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Improving consumer confidence and a continued rise in the employment rate gave the U.S. a good start to the year, sending all indexes to near all time highs. The S&P 500 index crossed its $1500 level and is up over 3% year-to-date (read: 3 Ways to Play the S&P 500 Rally with ETFs).
While large caps have taken the lion’s share of attention, mid and small caps could arguably be better plays in today’s environment, as they are safer and could be better positioned if more political issues creep into the picture.
This is especially true as investors have pulled out billions from popular large-cap focused funds, such as (SPY - ETF report), and put the capital into other corners of the market instead, such as the following ETFs:
Mid Cap ETF in Focus
Mid caps are considered too big and safe for those seeking volatile small cap exposures, while they are often considered too risky and uncertain for those who want the stability of mega caps.
Still, thanks to investor confidence and huge inflows into these securities, mid cap ETFs have been soaring higher and leading the market in 2013. These ETFs are often less popular than their small or large cap cousins which have managed to establish a stronger asset base.
The mid-cap space has been a solid performer over the long term. Also, these funds are outperforming both their small and large cap counterparts when looking at both the year-to-date and five-year time frames (read: Mid Cap ETFs Leading the Market in 2013).
Keeping this trend in mind, we have highlighted the largest and the most popular mid-cap blend fund- iShares Core S&P Mid-Cap ETF (IJH), which have seen solid gains this year, far in excess of the large and small cap counterparts.
Launched in May 2000, the product has seen solid fund inflows this year with total assets of over $15.6 billion under management. It is the low cost choice in the mid-cap space, charging just 15 bps in fees per year from investors (see more ETFs in the Zacks ETF Center).
The fund seeks to replicate the price and performance of the S&P MidCap 400 Index, before fees and expenses, holding 401 stocks. It is well spread out as it puts less than 8% of its assets in the top ten holdings. Regeneron Pharmaceuticals (REGN), Hollyfrontier (HFC) and Equinix (EQIX) occupy the top three positions in the basket.
However, the product is heavy on financials and industrials, which together make up for 40% of total assets. It is heavily traded in average daily volumes of nearly 200,000 shares, probably ensuring no additional cost for this popular product. The ETF has returned about 4% so far in 2013, easily beating out large cap competitors.
Further, the fund yields a decent dividend of 1.31% per annum. Investors might consider this fund as a nice momentum play as we go further into 2013 (read: Three Surging ETFs with Strong Momentum). Currently, IJH has a Zacks ETF Rank #1 or ‘Strong Buy’ rating. This suggests that this product is expected to perform well over the long haul, when compared to the other funds in the mid cap space.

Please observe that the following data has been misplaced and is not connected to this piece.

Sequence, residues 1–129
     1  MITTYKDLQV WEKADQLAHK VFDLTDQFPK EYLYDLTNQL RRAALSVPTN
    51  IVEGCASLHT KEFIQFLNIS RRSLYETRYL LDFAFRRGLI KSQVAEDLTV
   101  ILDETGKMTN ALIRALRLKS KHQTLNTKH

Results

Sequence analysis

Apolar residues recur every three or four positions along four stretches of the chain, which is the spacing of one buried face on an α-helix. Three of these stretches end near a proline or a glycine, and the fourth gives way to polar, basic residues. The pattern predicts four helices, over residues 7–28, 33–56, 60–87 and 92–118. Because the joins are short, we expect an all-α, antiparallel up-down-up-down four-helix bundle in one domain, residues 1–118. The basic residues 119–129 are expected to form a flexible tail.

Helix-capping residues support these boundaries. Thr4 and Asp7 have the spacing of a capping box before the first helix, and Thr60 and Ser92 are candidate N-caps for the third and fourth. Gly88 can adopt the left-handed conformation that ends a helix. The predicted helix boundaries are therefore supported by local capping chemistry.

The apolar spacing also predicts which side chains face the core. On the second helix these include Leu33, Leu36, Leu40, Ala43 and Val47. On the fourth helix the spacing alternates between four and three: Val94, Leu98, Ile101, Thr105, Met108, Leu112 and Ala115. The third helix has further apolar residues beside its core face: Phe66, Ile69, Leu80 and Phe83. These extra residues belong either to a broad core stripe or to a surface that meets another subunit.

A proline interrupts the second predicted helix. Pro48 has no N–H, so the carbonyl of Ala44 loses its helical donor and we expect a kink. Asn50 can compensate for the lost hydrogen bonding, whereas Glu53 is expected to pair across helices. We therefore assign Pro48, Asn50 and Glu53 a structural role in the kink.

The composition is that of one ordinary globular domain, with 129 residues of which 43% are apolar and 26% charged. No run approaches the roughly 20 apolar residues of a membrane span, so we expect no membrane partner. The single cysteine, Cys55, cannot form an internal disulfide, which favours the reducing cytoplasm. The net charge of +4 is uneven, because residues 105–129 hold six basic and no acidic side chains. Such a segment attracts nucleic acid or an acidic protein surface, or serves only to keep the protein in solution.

Small Cap ETF in Focus
Small caps are usually better than the large cap counterparts for those seeking more domestic exposure. These funds allow the investor to tap the domestic population of the economy and usually offer a more spread out exposure.
While small caps are often capable of higher levels of growth than large caps, these can experience levels of volatility as huge gains and losses can occur in a very short period of time (read: Try Small Cap ETFs to Gain from Chinese Domestic Demand).
With this backdrop, the largest and the most popular small cap ETF - iShares Russell 2000 Index Fund (IWM) - has attracted huge inflows of over $1.4 billion, making it the most successful product this year. With AUM of $19.2 billion, the ETF tracks the Russell 2000 Index, which is a capitalization weighted 2,000-stock subset of the Russell 3000 Index.
The product holds about 1,972 securities and is widely diversified as it puts less than 3% in the top ten holdings. Ocwen Financial (OCL), Axiall (AXLL) and Pharmacyclics (PCYC) are the top three elements in the basket. However, the product is tilted towards financial and consumer discretionary (read: 5 Sector ETFs Surging to Start 2013).
The fund offers extreme liquidity, trading in volumes of more than 37 million shares a day. This suggests that no additional cost is involved in the form of bid/ask spread beyond the expense ratio of 0.25%. IWM generated good returns of 3% this year, although it has exhibited significant volatility in the past few weeks.
Investors should note that the returns for this product is less than the mid-cap counterpart, as depicted by IJH, but higher than the large cap SPY by 100 bps. Additionally, the ETF pays an annual dividend yield of 1.86%, which isn’t too bad considering the growth focus of the fund. IWM has a Zacks ETF Rank #3 or ‘Hold’ rating.
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